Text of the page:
The second abandoned building fire in as many months on Treasure Island burned for more than six hours Thursday before fire crews extinguished it using water pumped from the Bay.
The cause of the fire, which broke out at an abandoned Navy building shortly before 7 a.m., was still under investigation as crews pumped millions of gallons of water onto the blaze. Firefighters had the flames under control by 1:30 p.m, fire Lt. Ken Smith said.
Battalion Chief Mike Morris said the fire took a long time to put out because fire crews adopted a defensive posture, spraying water from outside. There was no threat to life or other property, he said.
The fire is the second in just over a month to break out in an abandoned Navy building on Treasure Island. On May 17, a fire destroyed an abandoned barracks. In that fire, crews deployed a pumping boat for the first time since the 1989 Loma Prieta earthquake, but did not turn the pumps on. They were able to get the blaze under control using residential water supply on the island.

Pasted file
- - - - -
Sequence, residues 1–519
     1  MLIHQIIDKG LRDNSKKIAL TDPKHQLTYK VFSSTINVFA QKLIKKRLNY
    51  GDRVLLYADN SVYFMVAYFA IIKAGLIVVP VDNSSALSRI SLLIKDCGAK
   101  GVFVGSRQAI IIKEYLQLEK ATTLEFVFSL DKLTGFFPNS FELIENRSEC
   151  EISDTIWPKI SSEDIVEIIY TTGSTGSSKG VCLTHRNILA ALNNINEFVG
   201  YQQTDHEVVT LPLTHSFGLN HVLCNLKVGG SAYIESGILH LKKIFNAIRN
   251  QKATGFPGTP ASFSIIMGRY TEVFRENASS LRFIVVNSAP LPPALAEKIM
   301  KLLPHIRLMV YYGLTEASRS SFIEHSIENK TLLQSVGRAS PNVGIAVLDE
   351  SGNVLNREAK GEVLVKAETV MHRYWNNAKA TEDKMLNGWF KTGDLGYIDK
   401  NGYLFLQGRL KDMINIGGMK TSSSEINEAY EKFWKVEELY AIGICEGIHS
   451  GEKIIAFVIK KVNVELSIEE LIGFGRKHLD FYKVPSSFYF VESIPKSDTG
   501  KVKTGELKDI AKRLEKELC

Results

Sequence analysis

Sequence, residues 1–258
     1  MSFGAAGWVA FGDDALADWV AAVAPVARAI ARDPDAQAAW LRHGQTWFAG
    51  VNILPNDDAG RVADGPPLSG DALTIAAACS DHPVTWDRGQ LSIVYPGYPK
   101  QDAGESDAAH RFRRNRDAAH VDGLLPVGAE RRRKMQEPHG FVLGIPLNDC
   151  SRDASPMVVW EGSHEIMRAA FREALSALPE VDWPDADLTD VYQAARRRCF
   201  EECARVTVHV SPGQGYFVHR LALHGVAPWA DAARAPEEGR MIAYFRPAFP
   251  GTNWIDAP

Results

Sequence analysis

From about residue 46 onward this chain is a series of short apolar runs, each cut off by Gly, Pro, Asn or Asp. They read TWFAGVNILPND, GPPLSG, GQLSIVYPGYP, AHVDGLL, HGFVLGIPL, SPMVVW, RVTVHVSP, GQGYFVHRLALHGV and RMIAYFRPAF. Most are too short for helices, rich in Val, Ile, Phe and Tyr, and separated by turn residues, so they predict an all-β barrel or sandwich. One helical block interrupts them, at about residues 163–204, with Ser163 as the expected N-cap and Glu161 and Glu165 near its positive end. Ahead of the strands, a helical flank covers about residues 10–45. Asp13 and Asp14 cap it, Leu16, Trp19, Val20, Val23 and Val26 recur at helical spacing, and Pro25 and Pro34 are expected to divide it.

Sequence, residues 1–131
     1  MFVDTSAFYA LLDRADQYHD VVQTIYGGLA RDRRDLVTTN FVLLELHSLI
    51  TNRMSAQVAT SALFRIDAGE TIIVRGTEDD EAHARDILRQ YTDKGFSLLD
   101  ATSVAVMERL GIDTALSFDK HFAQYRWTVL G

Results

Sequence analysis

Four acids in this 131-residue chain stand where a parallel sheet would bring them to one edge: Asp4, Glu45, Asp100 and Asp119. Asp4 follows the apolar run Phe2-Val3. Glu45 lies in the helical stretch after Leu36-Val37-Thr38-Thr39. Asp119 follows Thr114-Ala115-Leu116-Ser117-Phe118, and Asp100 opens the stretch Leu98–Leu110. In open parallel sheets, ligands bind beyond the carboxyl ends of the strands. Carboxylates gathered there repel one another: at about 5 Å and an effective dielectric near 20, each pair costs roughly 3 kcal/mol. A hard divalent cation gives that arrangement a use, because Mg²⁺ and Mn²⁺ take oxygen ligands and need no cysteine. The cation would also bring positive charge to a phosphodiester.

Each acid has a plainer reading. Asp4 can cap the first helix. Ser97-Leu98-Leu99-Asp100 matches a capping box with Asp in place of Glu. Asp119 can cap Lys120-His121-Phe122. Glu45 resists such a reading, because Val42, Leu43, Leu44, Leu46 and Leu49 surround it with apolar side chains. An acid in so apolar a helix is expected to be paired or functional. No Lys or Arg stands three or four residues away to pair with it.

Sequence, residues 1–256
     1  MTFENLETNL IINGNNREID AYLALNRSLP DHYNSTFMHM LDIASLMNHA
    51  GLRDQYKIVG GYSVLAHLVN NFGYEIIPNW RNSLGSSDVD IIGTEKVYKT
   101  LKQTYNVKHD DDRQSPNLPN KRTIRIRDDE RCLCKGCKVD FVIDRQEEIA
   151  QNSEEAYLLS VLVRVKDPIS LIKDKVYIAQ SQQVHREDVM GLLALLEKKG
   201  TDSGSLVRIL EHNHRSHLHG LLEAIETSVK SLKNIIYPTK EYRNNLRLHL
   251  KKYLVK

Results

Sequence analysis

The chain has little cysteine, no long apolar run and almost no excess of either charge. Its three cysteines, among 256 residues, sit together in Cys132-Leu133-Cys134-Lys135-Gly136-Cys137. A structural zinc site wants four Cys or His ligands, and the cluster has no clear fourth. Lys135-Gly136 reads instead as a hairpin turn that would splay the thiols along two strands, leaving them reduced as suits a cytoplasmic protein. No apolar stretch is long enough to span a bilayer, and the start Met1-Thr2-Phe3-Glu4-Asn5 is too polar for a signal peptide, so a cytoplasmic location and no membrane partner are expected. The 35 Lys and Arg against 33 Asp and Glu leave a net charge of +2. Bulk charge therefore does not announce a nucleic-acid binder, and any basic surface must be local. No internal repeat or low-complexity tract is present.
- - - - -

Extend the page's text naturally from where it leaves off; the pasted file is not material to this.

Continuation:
On Thursday, the boat was deployed again, and was put into service immediately. “We’ve exceeded the amount of water those hydrants put out,” Smith said. “It’s really about water. Not enough water.”
San Francisco Public Utilities Commission spokesman Tony Winnicker said the water supply on Treasure Island was operating at full capacity Thursday.
As plans move forward to develop the island with high-rise apartment buildings, the Fire Department has expressed concern that the current water supply will be insufficient for emergencies.
On Thursday, Treasure Island Community Development, a private partnership slated to develop the island, issued a statement saying it intends to build a new water system, including a secondary water supply on the eastern span of the Bay Bridge.
A woman and her dog were in the building at the time of the fire and were rescued by an electrical contracting crew working nearby with a bucket lift, said Mirian Saez, director of island operations for the Treasure Island Development Authority. Saez said local youth, copper thieves and homeless people looking for shelter often break into the buildings and cause fire hazards.